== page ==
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Dr. Ingo Froböse explains precautions for Joshua Kimmich’s return to action for Bayern Munich

Froböse explained why, exactly, Bayern is waiting until the new year to let Kimmich resume full action.

FC Bayern München v Sport-Club Freiburg - Bundesliga Photo by Alexander Hassenstein/Getty Images

Joshua Kimmich was finally able to come out of quarantine at the end of last week and resume light training after spending the better part of the past month at his home.

Kimmich had to pull out of Germany’s camp during the last international break after coming into close contact with someone who might be positive for coronavirus and then subsequently tested positive himself shortly thereafter. He’s missed Bayern’s past six matches across all competitions against Augsburg, Dynamo Kyiv, Arminia Bielefeld, Borussia Dortmund, Barcelona, and Mainz. Due to what’s been referred to as “lung infiltration” discovered in scans, Kimmich will not play until 2022 for Bayern as a precaution.

Kimmich himself said he was feeling fine, even after doing some light training, but Dr. Ingo Froböse from the German Sport University Cologne recently explained to Bild the reasons why the club is taking every precaution possible with the lung infiltration (Tz). The novel coronavirus has a tendency to cause inflammatory responses in the body’s organs, which can cause a number of different issues, some of grave concern. “The Bavarians have announced ‘a slight infiltration’ so that they don’t have to say exactly what exactly is behind it. There are a number of corona consequences, often pneumonia, which then results in infiltration. As a rule, it is about liquid, in almost 80 percent of cases as a reaction to inflammatory processes - here after the immune reaction as a result of COVID-19,” Froböse explained.

Albeit probably only temporary, Kimmich, like others who have suffered from the virus, will have nowhere near the same V02 max capabilities that he’s otherwise used to. The inflammation and infiltration in the lungs can be severely complicated if too much stress is added too quickly, which could subsequently effect the heart’s myocardium. “The consequence of the infiltration is that the lung volume is no longer available to the maximum. The body reacts to the infiltration, so inflammation is to be expected. If the stress is too early, this can lead to massive consequences — including inflammation of the heart muscle,” Froböse elucidated.

FC Bayern Munich - Training Photo by Sven Hoppe/picture alliance via Getty Images

While the risk might still be relatively low for added stress causing severe inflammation issues for Kimmich, Bayern’s physios and doctors want to take absolutely every precaution to not the risk of causing any issues. It’s absolutely the right protocol for Kimmich, as Froböse stated, “because they often start much too early and do not cure infections properly, and because they reach their limits more quickly and stress their organs more quickly. That is the most important thing: Infections have to be cured! That is why the break is now absolutely right for Kimmich. Other organs must be spared, especially so as not to affect the important heart.”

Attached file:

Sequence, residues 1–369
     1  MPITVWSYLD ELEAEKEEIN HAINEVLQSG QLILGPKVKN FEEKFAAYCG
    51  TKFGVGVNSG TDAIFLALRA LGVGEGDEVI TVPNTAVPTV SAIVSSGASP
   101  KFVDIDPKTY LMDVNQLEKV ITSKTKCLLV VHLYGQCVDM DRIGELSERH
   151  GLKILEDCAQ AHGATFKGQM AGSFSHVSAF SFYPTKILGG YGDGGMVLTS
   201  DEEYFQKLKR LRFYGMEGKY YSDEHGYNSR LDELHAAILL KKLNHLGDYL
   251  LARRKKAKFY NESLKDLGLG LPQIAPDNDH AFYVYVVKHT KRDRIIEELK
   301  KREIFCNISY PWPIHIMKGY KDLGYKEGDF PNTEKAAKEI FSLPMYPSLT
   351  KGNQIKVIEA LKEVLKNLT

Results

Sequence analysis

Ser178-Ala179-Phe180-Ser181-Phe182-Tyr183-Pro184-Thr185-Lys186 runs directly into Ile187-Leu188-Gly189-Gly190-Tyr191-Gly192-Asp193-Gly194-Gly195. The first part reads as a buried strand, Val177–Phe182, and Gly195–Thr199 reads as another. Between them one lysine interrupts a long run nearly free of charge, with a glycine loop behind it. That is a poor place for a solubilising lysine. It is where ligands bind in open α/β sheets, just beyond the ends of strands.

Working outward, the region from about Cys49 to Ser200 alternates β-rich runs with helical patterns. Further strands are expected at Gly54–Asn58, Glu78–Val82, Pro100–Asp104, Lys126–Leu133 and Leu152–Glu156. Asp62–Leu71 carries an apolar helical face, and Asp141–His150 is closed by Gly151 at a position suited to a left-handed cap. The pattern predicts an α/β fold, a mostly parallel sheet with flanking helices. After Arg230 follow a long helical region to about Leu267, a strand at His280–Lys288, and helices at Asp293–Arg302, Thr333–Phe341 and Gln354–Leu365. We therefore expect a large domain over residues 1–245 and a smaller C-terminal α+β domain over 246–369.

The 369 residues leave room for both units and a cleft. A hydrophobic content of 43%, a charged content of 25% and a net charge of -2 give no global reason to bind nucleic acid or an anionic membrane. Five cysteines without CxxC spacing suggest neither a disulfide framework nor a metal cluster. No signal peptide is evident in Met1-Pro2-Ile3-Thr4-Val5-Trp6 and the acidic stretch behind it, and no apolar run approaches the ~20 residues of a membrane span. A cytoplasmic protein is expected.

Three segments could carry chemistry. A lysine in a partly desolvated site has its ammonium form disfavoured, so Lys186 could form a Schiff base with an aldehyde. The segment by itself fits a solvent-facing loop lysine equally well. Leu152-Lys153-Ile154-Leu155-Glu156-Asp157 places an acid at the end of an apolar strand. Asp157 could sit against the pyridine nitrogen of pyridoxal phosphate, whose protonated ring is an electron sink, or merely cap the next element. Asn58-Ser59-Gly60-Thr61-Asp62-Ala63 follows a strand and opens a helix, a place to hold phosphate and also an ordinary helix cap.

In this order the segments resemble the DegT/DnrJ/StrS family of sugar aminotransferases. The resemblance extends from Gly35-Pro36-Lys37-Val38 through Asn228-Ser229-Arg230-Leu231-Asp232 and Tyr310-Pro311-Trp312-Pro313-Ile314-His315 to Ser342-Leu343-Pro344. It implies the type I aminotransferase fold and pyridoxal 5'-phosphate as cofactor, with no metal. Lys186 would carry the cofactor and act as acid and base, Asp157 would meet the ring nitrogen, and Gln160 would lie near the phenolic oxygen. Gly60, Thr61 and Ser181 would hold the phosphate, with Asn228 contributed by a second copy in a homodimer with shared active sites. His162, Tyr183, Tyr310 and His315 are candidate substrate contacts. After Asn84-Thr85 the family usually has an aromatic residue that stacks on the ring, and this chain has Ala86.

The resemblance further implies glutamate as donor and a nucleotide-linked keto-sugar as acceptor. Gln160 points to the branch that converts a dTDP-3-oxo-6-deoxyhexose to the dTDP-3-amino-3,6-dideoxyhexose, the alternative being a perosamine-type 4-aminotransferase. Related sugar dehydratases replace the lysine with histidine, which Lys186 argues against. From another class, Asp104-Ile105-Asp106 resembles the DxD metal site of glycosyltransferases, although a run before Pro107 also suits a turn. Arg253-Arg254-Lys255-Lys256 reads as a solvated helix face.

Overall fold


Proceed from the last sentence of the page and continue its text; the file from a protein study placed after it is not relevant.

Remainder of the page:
Of course, as Froböse had previously urged in prior discussions with Bild, the risk of infection and inflammation would have been lower if Kimmich had made the decision to receive vaccination against the novel coronavirus. The midfielder had cited concerns he had as to why he did not want to get vaccinated against the virus when he was pressed about the issue. While he certainly has a right to be concerned and make his own decision, he’s missed a crucial stretch for Bayern and Froböse worries that there’s a high risk for further complications. “Kimmich could have problems with his joints — that would be the lesser of two evils. The big evil would be other organs — and since the heart and lungs are so closely connected because the lungs supply the heart, the risk of heart muscle inflammation is significantly greater. This is a serious consequence for an athlete, which would usually take him out of circulation for at least six months,” he explained.

Karl Lauterbach, Federal Minister of Germany for Health also chimed in on Kimmich’s situation, saying that it’s “no small feat” when someone like Kimmich falls ill. He also provided his best wishes for the midfielder. “Such a case shows, of course, how dangerous the infection is. And still, it’s no small feat when someone like Joshua Kimmich falls ill. I think it’s wrong to make accusations here. I hope he gets back to full health and can really deliver the performance again in the national team that he’s always been able to deliver,” he said.